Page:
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Last Updated: Tuesday, 29 November 2005, 16:58 GMT
Rustem: 'I saw my friends dying'
Living Positive follows six HIV-positive people, each of them on the same day, in six different parts of the world.

LIVING POSITIVE
Rustem
Thursday, 1 December 2005
BBC Two, 2100 GMT

Rustem is originally from Uzbekistan. He came with his father to the Ukraine when he was a young boy, but was subsequently separated from him.

"When we came to Odessa my father was working and we were together," says Rustem. "But then he met my stepmother and he sent me to an orphanage when I was 10 years old.

"What happened there was terrible. They would lock up people in a punishment cell for being naughty. I was put there almost every day.

"I escaped from the orphanage and I went to see my dad. But he was not there... he'd gone.

"I began living on the streets. I'd been wandering the streets by myself for a year, then I met one person who was sniffing glue.

"I spent about three months with him and I would not sniff - though he would offer it to me - because I did not want to do it. Then I tried it, and did not like it. Then I tried another time and again did not like it... and after the third time, I liked it.

"I started sniffing and then smoking... no vice versa. First smoking then sniffing, and only then injecting."

Street life

In 2003, Rustem moved into a derelict house with other street children and lived there for about 18 months.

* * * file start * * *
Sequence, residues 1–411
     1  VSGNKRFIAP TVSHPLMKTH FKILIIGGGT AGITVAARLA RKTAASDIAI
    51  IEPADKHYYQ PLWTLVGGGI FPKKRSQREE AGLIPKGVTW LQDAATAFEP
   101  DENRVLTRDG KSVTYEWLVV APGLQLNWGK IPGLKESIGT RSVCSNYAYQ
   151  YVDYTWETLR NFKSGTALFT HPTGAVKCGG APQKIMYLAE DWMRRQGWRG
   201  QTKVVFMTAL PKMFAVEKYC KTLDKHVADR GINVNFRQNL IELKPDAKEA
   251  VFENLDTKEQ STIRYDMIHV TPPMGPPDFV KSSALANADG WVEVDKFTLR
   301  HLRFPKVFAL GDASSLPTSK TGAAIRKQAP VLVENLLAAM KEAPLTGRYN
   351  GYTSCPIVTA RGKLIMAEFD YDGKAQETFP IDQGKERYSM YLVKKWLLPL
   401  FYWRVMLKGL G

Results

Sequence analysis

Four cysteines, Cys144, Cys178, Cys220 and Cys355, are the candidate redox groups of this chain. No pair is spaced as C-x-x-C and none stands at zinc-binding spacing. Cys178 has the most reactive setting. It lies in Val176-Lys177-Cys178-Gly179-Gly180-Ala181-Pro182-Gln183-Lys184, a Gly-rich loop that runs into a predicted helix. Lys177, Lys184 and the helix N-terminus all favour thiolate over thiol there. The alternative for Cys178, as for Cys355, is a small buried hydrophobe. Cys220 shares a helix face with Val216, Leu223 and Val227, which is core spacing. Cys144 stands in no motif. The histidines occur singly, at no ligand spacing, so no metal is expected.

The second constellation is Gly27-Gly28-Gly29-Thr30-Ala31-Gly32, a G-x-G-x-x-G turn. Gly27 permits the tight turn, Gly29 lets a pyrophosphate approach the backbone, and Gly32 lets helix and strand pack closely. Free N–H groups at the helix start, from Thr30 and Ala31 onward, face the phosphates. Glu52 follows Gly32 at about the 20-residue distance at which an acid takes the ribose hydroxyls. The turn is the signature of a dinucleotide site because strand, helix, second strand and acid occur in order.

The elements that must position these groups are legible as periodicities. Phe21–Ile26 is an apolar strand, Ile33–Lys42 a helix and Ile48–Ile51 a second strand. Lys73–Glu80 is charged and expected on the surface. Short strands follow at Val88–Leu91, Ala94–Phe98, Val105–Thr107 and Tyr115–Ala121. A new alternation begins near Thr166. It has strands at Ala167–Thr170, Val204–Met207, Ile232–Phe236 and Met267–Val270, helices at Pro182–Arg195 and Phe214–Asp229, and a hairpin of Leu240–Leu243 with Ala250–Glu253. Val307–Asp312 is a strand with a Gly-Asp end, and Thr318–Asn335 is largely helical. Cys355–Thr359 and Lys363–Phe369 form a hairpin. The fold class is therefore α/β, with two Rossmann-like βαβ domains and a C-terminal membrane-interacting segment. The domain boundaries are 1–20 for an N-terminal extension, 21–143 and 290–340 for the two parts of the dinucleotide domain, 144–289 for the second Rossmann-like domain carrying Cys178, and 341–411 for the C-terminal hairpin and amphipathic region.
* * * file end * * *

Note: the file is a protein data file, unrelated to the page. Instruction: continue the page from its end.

Rustem
My friends... I saw them dying and got scared
Rustem

"We take a concoction of drugs, put it in a glass, mix it, shake it and then pump it in and inject.

"The effect is very bad. You would lie for 15 minutes affected by the drug and then you feel terrible pain in your bones. They ache."

"The police didn't know about the house.

"But then they came here, and saw us injecting [drugs] and started to beat us up badly. They poured petrol through the window and set it alight.

Rustem injected drugs for 18 months and it was not until a close friend died of an overdose that he decided to get off the streets. He went to Way Home - a refuge for orphans and street children - where he now works as a volunteer, many of whom are HIV-positive.

"My friends... I saw them dying and got scared.

"I now go and talk to the street people and try to convince them not to inject, not to sniff glue and I talk to them a lot about Way Home, telling them to go there and talk," he says.

"But they do not always listen to me, they do not want to go there. They need to have spirituality, a special inspiration of the soul to come off the street, like me. I would not leave the streets until I lost my friend.

Not having documents feels like being the dust
Rustem

"My friend was almost like a brother to me and I have lost him.

"They are used to a street life. The street gives them complete freedom. But the street changes people terribly.

"They start stealing. You cannot even feel the moment when you become so cruel that you tear the bags from women or beat people up.

Rustem has no official papers. He says this is the greatest difficulty in his life.

"Not having documents feels like being the dust. One cannot have a flat, a job, a car, or an official wife."

Living Positive was broadcast on Thursday, 1 December, 2005 on BBC Two at 2100 GMT.

A debate featuring the six people filmed for the programme was broadcast on Friday, 2 December, 2005 on BBC Four at 1900 GMT.

SEE ALSO
Country profile: Ukraine
02 Nov 05 |  Country profiles

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